driving Sri Lanka to seek the help of China and Russia, which is obviously against US
interests. So Ive always been of the opinion that this whole exercise is unnecessary and only
has newspaper value. There is no way that they can force Sri Lanka to do or not to do
anything and therefore the best thing to do is ignore it.
Q. There is a lot of pressure on the Indian government to boycott the Commonwealth
summit. Will a boycott of the summit be acceptable?
A. I would not say a lot of pressure, but the pressure of one of the allies of the UPA
government. I think it gets secret sympathy from Mrs. Sonia Gandhi who has always been
sort of indulgent towards the LTTE. When the Supreme Court said the principle operators of
the assassination of Rajiv Gandhi should be hanged, she wrote a letter to the president that
they should not be. She then made arrangements for the daughter of one of the accused,



Nalini, to be educated in London, and now she lives in Australia. Then she also sent her
brother to meet Nalini in jail, after which Nalini went to court saying she had been in jail far
too long and should be allowed bail.
However it was my petition challenging that which prevented her leaving jail. But why Sonia
Gandhi would do that is a big question which I hope to answer some day. The ones who are
making a fuss are just a handful of cinema people who have benefitted by LTTE drug money
and there is no other issue. However I dont believe there is much support now. However the
question of whether the Indian Prime Minister will attend the CHOGM in Colombo I cant
say as they are timid people.
Q. What can the Sri Lankan government do to make Tamil Nadu happy, and through
that the Indian government?
A. In my opinion, the Sri Lankan government should invite the Indian businessman to invest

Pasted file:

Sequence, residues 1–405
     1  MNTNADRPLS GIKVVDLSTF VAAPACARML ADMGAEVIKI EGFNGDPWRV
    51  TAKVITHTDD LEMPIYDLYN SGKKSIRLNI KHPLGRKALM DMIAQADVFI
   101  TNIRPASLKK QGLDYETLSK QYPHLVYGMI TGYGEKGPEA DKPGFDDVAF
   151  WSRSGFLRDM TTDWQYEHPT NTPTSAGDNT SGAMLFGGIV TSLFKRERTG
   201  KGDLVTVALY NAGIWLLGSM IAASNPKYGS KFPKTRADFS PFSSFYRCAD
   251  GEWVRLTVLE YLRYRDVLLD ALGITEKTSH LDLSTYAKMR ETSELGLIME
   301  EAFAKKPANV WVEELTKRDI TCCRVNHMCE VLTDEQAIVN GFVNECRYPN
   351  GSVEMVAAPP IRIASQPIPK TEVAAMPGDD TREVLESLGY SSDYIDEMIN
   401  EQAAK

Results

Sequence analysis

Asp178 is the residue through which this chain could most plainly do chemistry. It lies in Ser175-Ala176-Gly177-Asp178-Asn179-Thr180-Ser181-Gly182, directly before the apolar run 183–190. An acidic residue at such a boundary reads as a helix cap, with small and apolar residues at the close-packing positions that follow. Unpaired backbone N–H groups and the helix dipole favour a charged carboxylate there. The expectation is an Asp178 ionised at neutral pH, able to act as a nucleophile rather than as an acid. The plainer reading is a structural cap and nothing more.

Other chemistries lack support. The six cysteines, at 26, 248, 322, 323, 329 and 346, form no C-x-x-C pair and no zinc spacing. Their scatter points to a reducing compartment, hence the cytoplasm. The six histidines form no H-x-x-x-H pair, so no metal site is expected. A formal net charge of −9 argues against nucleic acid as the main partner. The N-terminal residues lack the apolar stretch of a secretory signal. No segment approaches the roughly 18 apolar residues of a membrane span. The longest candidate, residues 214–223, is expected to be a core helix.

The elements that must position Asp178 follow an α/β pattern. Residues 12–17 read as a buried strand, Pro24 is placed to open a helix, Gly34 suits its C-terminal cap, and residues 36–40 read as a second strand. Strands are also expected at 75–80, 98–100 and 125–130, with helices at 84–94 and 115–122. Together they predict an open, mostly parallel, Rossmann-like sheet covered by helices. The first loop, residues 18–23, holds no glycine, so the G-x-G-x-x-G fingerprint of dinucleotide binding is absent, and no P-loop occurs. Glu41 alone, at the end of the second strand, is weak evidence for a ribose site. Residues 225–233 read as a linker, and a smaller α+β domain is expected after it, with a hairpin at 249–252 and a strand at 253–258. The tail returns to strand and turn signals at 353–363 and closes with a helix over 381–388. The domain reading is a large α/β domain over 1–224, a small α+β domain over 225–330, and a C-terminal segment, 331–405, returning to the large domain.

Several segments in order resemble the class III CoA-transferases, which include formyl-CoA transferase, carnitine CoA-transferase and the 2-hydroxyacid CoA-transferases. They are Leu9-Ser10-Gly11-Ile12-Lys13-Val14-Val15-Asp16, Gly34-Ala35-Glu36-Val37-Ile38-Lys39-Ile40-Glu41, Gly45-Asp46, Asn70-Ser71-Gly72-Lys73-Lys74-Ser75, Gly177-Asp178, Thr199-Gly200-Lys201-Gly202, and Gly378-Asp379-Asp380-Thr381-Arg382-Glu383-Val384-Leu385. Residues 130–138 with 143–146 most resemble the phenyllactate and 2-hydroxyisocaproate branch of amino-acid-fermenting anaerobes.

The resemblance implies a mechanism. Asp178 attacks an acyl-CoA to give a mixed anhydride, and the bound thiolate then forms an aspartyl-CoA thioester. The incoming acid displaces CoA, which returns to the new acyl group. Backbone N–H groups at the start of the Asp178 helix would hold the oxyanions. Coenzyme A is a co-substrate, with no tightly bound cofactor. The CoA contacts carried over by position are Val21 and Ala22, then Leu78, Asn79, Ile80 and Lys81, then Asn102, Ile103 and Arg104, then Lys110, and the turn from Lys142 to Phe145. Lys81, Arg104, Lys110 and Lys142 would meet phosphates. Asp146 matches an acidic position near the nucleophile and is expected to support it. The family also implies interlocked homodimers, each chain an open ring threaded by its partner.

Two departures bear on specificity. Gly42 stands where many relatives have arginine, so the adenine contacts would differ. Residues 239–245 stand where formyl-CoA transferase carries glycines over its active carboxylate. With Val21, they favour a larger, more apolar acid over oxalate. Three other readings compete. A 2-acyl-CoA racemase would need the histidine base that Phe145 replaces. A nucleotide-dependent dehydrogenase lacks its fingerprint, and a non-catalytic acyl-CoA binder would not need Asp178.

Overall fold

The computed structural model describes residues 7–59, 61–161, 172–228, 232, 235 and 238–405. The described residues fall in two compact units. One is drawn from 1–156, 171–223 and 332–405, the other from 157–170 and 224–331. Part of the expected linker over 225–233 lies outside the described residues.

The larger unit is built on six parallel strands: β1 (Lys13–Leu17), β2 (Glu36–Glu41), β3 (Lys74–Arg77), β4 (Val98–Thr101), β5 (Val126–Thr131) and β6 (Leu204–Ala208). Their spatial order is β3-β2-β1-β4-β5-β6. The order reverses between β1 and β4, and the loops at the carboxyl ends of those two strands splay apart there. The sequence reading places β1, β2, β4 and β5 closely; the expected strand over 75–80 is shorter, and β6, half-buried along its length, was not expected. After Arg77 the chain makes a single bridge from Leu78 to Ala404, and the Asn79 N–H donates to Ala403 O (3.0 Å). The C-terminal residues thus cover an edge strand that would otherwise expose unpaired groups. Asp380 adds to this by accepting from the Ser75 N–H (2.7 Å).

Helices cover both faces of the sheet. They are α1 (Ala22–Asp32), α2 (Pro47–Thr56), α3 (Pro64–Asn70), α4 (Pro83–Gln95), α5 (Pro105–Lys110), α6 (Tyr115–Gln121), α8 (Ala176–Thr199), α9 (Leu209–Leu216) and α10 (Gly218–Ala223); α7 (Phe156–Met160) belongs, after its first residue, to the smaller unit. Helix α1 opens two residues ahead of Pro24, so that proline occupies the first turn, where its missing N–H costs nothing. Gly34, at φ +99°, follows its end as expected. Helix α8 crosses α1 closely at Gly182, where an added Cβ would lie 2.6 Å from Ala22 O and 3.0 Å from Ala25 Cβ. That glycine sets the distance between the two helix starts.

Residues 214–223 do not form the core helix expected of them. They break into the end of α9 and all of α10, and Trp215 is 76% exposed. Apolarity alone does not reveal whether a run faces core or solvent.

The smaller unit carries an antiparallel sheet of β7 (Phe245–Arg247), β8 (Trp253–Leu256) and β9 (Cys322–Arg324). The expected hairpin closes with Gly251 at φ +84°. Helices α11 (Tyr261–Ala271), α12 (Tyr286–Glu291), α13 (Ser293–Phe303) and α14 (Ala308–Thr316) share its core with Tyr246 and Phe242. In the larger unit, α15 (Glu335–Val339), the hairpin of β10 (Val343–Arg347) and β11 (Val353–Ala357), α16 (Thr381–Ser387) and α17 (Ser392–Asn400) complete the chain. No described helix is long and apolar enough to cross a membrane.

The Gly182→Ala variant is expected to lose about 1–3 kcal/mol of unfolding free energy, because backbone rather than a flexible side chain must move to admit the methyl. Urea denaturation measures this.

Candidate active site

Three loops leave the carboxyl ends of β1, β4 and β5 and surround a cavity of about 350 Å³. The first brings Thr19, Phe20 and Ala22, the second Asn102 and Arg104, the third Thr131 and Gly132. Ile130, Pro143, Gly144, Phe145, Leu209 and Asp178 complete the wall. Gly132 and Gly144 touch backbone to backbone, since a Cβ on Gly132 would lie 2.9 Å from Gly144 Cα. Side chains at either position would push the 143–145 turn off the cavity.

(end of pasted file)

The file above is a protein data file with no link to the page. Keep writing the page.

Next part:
in this country. They are dying to come here, so perhaps through the Indian Chamber of
Commerce, or through some measure, Indian business houses could be allowed to invest in
Sri Lanka. I myself have told this to your president.
Q. Some feel Sri Lanka is over dependent on India. Should Sri Lanka change its policy
with India with the future in mind?
A. If they were over dependant on India then the Sri Lankans would not have destroyed the
LTTE, so I think this is a myth. When Sri Lanka asked India to fund the Hambantota port,
India rejected this due to objections from Karunanidhi. Thereafter Sri Lanka approached
China and got it built. So I dont think that your country is overly dependent on India, but one
must admit the fact that we share the same DNA.
There are certain Sinhala names that originated from India. However I think there are certain
natural tendencies due to the close proximity, and in fact I think we should be concerned
about each other much more.



Q. What is your take on the concerns raised on the issues faced by the Tamils in Sri
Lanka?
A. First of all, the Tamils that I have spoken to, and in reading some of the comments they
had made to an Indian Magazine (Tughlaq Magazine), they are first of all very relieved that
their children can go to school, and the women know that their husbands who go to work will
return home in the evening.